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Rhymney Valley Echoes.

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Gellygaer Scavenging Contracts.

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Gellygaer Scavenging Contracts. PROPOSED NEW ARRANGEMENTS. Considerable discussion took place at the meeting of the Gellygaer District. Council on Tuesday on the subject of the scavenging con- tracts for the ensuing year. At an early stage in the meeting, the Council had approved of the Committee's recommendation that the sca- venging of the district be done by the Coun- cil's own men, horses, and carts; and when the tenders for the scavenging work at Pontlottyn "ere submitted, Mr. B. Hughes reminded the Council of this, and urged that a commence- ment ba made at. Pontiottyn, where, he said, the present contractor said that by the Council doing the work themselves, it would save hun- dreds of pounds.—Mr. D. Hopkins pointed out that the Council had no horses or carts. He would, however, in order to provoke discussion, second Mr. Hughes's motion. — The Rector pointed out that the buying of horses was a; serious matter.—The Chairman said it was clearly the object of the Council to do their own scavenging, and an experiment was neces- sary somewhere; there would be no serious risk at Pontiottyn.—Mr. Hughes said the present contractor would lend the Council horses and carts. He said, as things were going on, it was time for the Council to put their foot down. "He did not want to mention anything to the detriment of anyone in the parish, but to do the work themselves would break up corrup- tion to further extent."—The Rector said that Mr. Hughes had stated in very distinct terms tha.t there was something exceptionally wrong at Pontiottyn, and he therefore desired to know what the wrong was. Was it something the Council could remedy? The Council ought to have the particulars, and if there was anything wrong with the contractor, they could rule liim out of competition; and if with the Council's officers, then they should be called to account. He was sure there was ample room for im- provement, but felt that the time for making the experiment proposed, was premature. The Chairman (to Mr. Hughes): Will you move that a. committee be appointed. — Mr. Hughes: I will bring it forward next time when I have the facts. I will have the facts first of all.—Mr. Hopkins said that if anything was wrong, now was the time to deal with it.—The Rector moved, as an amendment, that the ques- tion of carrying out their own scavenging be deferred until a. trial had first be.en made at Bargoed, when the stores depot was completed. It would take eight or nine months to get the Bargoed thing ready, and by that time they would be better a.ble to see what was the best to do for Pontiottyn.—Mr. W. B. Lloyd secon- ded, and the amendment was carried by seven votes to four. The tenders for scavenging were then opened, and accepted as followBedlinog: Thomas Davis, Deri, £ll9-(four tenders). Fochriw and Pentwyn Robert Siirnmons, £45. Pontiottyn: Robert Siimmons, £ 210—(six tenders). — Mr. Hughes proposed Mr. Matthias, whose tender was £ 200.—Mr. L. P. Edwards moved that the contract be given to Mr. R. SHmmons.—This was seconded by Mr. Lloyd.—The Rector said that they had just now heard complaints about the scavenging.—Mr. Hughes said lie had made no specific charge against anyone.—The Chair- man In face of there being no complaint, I take it the man has done his work efficiently.— By six votes again 4. the contract was voted to Mr. R. Slimmons.-—Treed rhiwfu.weh W. Wat- kin Bowen — Gellygaer Village: There were sevwal tenders for this, and the Rector moved tJiat John Morgan, who waS the next lowest, have the contract, as the lowest tenderer, E. M. Rees, was one whom 110 one knew.—Mr Hiimmond, however, insisted, that the principle of accepting the lowest tender should not be departed from, and the contract was voted to him at JE39 10.The Bargoed tenders then <raffie up, and it was clear one tenderer at £70 had blundered, the five other tenders varyiftg from JB307 3s. to £ 575.—The Rector then pinned Mr. Hammond to his prin- ciple of always accepting the lowest tender. Of course, they knew it could not be done at the price, but if they were going on the principle of the loweafli tender, they should consistently adhere to it.—The contract was ultimately vot- ed to W. Shorwood and Son, at £3D7 33.Tir- phil John Jones, £ 72.—Brithdir: It was re- solved to invite fresh tenders.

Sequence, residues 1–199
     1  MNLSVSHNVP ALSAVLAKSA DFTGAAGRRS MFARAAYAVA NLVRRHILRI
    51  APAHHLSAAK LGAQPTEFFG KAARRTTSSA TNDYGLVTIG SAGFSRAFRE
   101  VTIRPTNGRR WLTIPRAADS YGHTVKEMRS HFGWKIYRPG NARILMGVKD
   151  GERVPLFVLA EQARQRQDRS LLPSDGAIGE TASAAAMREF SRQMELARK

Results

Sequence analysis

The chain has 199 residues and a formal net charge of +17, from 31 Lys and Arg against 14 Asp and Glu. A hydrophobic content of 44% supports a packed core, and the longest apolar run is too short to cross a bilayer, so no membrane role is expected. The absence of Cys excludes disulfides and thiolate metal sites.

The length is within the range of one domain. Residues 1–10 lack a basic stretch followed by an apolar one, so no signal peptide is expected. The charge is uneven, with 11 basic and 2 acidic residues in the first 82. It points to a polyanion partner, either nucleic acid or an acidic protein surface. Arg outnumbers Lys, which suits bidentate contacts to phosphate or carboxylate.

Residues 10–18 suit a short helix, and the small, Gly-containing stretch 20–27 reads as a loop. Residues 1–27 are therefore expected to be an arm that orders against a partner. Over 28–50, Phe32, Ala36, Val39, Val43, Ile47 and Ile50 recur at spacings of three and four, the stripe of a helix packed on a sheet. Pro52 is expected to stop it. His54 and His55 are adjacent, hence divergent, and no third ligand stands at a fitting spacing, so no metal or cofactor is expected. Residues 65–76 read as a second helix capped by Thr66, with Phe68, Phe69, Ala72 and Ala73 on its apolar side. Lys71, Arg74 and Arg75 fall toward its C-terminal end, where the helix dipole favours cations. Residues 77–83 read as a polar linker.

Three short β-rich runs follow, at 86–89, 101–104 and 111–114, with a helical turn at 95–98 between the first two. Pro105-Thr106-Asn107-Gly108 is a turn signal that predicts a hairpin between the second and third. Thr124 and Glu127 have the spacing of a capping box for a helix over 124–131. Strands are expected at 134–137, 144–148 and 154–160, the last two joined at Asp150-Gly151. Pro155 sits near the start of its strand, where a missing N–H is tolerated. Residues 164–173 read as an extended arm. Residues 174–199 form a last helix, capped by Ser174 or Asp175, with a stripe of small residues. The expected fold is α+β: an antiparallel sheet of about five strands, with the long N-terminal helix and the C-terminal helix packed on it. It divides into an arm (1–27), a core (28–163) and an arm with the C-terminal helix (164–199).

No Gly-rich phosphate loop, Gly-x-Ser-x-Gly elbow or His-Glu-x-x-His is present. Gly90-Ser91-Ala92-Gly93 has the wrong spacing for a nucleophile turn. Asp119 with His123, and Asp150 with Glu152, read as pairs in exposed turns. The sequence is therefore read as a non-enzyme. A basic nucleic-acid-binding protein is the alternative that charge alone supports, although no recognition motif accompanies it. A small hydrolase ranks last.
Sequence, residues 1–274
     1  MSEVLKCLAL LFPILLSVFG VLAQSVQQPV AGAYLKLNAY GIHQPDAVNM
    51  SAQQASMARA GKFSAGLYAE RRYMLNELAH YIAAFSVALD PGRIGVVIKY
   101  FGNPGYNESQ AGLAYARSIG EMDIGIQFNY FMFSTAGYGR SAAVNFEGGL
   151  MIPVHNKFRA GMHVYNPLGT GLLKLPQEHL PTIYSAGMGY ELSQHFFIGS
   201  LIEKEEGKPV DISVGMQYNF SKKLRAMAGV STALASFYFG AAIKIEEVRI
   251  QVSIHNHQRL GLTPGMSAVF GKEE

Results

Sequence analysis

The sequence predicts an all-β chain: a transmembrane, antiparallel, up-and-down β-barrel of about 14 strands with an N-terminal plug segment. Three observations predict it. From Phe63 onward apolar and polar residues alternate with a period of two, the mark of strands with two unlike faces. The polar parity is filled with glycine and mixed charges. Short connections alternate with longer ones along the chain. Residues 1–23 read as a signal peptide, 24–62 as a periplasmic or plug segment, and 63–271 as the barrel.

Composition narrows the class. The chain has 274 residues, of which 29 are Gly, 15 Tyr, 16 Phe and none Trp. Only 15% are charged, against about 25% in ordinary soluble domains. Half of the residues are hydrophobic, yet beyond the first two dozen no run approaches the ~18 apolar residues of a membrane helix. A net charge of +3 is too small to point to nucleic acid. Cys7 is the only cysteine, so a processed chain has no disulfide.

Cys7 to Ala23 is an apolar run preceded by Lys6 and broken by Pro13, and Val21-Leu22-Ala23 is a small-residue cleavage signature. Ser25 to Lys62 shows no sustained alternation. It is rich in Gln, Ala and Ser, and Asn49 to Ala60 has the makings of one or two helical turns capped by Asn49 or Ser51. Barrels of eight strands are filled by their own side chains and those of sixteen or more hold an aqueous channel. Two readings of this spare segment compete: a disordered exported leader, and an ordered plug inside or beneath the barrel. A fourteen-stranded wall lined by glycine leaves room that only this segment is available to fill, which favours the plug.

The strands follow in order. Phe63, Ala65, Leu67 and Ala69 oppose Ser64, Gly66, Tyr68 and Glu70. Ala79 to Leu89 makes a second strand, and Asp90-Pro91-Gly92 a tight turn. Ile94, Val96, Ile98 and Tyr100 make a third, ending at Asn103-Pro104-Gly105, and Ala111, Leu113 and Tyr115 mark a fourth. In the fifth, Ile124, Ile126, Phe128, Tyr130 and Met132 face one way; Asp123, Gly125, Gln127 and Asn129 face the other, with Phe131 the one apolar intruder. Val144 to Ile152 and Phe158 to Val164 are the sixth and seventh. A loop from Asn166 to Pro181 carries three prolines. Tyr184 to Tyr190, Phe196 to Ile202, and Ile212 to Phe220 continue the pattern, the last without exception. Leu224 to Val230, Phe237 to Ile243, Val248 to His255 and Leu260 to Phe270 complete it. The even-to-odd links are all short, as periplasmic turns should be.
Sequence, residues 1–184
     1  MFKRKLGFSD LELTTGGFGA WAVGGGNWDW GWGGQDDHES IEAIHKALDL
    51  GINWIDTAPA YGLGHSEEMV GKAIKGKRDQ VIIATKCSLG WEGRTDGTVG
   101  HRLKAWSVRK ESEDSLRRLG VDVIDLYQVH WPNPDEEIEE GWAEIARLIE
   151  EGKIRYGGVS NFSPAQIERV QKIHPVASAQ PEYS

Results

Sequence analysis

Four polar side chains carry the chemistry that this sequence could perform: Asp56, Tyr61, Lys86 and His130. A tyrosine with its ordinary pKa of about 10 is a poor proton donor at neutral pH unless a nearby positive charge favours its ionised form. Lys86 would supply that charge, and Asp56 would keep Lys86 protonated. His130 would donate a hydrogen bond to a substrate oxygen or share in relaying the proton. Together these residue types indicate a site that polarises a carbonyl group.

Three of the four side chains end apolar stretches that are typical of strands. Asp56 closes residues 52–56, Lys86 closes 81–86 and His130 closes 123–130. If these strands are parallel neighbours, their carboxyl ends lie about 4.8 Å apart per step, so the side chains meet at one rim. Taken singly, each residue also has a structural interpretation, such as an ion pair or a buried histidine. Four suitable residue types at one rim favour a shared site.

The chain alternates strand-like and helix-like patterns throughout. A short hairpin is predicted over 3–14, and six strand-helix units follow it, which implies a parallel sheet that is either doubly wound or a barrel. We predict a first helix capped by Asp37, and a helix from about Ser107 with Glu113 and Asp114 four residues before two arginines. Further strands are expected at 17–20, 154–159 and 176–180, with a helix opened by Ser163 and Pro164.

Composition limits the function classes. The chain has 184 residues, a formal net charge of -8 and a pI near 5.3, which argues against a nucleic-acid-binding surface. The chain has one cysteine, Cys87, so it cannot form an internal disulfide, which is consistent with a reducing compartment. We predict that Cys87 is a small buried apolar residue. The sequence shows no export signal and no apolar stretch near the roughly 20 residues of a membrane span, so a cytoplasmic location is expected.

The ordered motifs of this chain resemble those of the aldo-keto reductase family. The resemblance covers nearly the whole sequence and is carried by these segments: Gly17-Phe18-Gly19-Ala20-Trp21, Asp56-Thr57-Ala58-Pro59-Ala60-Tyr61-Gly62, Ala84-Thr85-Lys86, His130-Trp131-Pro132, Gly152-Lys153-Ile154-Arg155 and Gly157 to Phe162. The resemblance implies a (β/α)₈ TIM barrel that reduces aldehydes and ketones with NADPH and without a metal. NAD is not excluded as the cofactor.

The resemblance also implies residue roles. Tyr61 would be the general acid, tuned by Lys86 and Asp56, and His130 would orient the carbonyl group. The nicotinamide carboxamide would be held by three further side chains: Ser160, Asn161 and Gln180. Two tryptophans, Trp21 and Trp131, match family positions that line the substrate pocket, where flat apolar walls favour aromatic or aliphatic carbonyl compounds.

----FlIEE TO WOMEN.

---Gellygaer District Council.

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---Gellygaer District Council.

---Gellygaer District Council.